- #1 Reason Not to Use IRS Form 1023-EZ: Some donors may decline to make donations to organizations that obtained their IRS tax exemption by filing IRS Form 1023-EZ instead of IRS Form 1023. IRS Revenue Procedure 2014-40 states that “a determination letter issued to an organization that submitted a Form 1023-EZ . . . may not be relied upon if it was based on any inaccurate material information submitted by the organization. Inaccurate material information includes an incorrect attestation as to the organization’s organizational documents, the organization’s exempt purposes, the organization’s conduct of prohibited and restricted activities, or the organization’s eligibility to file Form 1023-EZ.” Few donors will have the information needed to make a determination that the attestations of the signer made in a Form 1023-EZ are correct.
- The signer of the Form 1023-EZ assumes a lot of liability because of statements and representations in the Form 1023-EZ the signer must make under penalties of perjury that the information in the Form is true and correct.
- The signer of the Form 1023-EZ must attest under penalty of perjury as to the legal conclusion that the applicant qualifies to be a tax-exempt organization under Internal Revenue Code Section 501(c)(3). Most people who sign the form will not have the legal knowledge needed to reach that conclusion. A big advantage to filing IRS Form 1023 instead of Form 1023-EZ is that ultimately the IRS will make the determination after its review that the organization qualifies as a tax-exempt organization under Internal Revenue Code Section 501(c)(3).
- The signer of the Form 1023-EZ must attest that the applicant is organized and operated exclusively to further charitable, scientific, religious, literary, educational purposes and/or the purposes of testing for public safety, fostering national or international amateur sports competition or the prevention of cruelty to children or animals.
- The signer of the Form 1023-EZ must attest that the applicant WILL NOT engage in any of the following activities during its entire life: (1) support or oppose candidates in political campaigns, (2) use money or property to benefit any board members, officers, key management employees, or other insiders, (3) further non-exempt purposes (such as purposes that benefit private interests) more than insubstantially, (4) operate with the primary purpose of conducting a trade or business that is not related to the applicant’s exempt purpose(s), (5) attempt to influence legislation, or (6) provide commercial-type insurance.
- The signer the Form 1023-EZ attests under penalties of perjury that: (1) the applicant has the organizing document necessary for the organizational structure of the applicant, (2) the organizing document limits the applicant’s purposes to one or more exempt purposes within Section 501(c)(3), (3) the organizing document does not expressly empower the applicant to engage, otherwise than as an insubstantial part of its activities, in activities that in themselves are not in furtherance of one or more exempt purposes, and (4) the organizing document contains the dissolution provision required under Section 501(c)(3) or that the applicant does not need an express dissolution provision in its organizing document because it relies on the operation of the state law of the state in which the applicant was formed for its dissolution provision.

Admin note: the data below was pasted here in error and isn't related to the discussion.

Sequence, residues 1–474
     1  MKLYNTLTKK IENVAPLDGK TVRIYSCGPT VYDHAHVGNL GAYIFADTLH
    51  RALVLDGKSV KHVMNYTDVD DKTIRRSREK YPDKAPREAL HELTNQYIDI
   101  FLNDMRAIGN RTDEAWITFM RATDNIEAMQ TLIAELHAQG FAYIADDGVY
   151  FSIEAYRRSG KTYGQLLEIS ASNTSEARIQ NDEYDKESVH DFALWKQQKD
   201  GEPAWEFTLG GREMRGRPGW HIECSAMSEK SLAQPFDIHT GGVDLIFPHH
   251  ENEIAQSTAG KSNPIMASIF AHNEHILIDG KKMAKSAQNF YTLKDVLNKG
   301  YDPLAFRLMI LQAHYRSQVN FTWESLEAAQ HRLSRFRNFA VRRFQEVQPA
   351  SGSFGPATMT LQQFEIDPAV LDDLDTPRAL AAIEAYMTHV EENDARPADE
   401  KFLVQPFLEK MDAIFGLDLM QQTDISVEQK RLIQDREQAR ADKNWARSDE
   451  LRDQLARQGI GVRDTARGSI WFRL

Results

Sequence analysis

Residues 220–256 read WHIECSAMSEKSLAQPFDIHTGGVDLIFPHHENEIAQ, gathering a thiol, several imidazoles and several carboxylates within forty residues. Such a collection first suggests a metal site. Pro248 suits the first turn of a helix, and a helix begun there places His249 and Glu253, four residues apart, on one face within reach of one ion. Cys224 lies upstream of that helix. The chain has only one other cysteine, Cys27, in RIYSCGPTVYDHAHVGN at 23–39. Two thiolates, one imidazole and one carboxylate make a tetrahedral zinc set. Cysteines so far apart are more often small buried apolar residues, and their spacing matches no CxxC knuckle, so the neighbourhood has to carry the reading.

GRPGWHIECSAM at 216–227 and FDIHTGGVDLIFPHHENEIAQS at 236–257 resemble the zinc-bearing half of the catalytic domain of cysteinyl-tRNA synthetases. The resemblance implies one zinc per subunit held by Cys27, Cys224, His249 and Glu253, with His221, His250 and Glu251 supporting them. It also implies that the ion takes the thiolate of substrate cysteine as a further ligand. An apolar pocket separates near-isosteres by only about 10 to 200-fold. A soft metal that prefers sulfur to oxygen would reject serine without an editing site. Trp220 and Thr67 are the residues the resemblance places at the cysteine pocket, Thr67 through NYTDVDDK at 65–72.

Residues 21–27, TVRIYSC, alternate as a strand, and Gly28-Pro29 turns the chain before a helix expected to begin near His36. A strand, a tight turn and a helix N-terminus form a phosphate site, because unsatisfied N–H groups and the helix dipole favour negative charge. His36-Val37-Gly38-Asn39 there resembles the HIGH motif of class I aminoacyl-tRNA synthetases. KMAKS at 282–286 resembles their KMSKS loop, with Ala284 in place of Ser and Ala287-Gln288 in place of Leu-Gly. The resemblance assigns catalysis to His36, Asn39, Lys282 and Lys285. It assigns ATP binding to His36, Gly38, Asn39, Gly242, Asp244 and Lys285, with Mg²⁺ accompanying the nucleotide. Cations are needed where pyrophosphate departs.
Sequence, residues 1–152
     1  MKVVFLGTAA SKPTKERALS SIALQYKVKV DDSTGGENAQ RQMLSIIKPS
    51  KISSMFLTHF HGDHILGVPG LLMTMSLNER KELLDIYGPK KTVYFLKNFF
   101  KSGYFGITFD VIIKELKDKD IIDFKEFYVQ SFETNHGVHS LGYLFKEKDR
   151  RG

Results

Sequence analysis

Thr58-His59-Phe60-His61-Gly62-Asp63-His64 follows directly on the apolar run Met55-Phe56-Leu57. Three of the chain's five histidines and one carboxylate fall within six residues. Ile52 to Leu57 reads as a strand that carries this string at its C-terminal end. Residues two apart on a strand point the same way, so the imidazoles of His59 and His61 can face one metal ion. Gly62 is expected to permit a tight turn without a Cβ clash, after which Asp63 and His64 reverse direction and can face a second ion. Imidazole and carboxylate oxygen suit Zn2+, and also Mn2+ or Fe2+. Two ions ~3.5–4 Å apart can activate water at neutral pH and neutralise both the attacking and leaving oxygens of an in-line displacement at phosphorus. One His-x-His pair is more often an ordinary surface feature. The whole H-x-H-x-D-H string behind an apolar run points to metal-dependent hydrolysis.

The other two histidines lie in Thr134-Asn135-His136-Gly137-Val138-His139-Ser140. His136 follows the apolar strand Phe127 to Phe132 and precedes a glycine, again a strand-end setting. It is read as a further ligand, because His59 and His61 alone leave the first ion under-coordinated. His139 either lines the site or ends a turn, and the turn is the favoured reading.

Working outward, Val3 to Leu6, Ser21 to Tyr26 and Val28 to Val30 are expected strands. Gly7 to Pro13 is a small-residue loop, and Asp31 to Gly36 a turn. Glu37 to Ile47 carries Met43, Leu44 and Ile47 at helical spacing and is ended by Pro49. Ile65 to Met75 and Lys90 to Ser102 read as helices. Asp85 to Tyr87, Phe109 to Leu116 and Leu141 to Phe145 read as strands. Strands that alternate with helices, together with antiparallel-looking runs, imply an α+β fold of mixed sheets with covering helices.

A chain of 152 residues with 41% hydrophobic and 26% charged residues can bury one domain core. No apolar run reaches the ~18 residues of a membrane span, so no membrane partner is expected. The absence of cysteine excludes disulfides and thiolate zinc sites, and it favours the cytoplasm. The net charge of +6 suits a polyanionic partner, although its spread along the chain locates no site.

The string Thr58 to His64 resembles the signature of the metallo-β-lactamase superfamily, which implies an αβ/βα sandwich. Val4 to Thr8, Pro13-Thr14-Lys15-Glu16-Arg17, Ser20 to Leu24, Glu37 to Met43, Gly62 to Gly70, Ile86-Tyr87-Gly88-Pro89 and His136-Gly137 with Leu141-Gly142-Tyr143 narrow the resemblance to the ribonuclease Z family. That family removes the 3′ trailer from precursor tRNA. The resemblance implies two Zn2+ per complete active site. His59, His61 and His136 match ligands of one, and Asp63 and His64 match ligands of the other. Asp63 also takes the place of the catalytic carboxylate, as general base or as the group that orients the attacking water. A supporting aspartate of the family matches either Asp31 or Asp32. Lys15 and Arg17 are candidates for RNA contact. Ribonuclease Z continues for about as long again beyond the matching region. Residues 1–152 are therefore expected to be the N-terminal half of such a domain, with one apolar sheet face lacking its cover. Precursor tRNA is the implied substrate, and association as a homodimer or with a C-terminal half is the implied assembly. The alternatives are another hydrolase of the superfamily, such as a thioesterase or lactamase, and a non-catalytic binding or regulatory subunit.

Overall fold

Note: Contrast the attestations under penalty of perjury made by the signer of the Form 1023EZ with those made by the signer of a Form 1023. An organization can file a Form 1023 and describe its actual or planned charitable activities and let the IRS determine if the organization qualifies for tax-exempt status. For example, the applicant can explain a financial relationship between the organization and a related person and if the IRS issues a determination letter it will have concluded that the relationship does not further the related person’s private interest more than insubstantially.
Bottom Line: If your organization is eligible to apply for a tax-exemption as a charitable organization by using IRS Form 1023-EZ, proceed with caution. The new Form 1023 EZ does simplify and shorten getting a letter from the IRS that an organization is tax exempt, but do not use the new form unless your organization is willing to accept the consequences listed above and the signer of the form is willing to make all the required attestations under penalty of perjury.
Warning: The decision as to who will sign the IRS Form 1023-EZ is very important. The signer must understand the contents, meaning and legal significance of the attestations the signer must make under penalty of perjury. The signer must be the primary person who prepares and signs the Form 1023-EZ. If a person compiles the information necessary to complete the form and at the last minute causes a different person who is ignorant about the Form 1023-EZ and its attestation clauses to sign the form, the person who induces the signer to sign could have liability to the signer.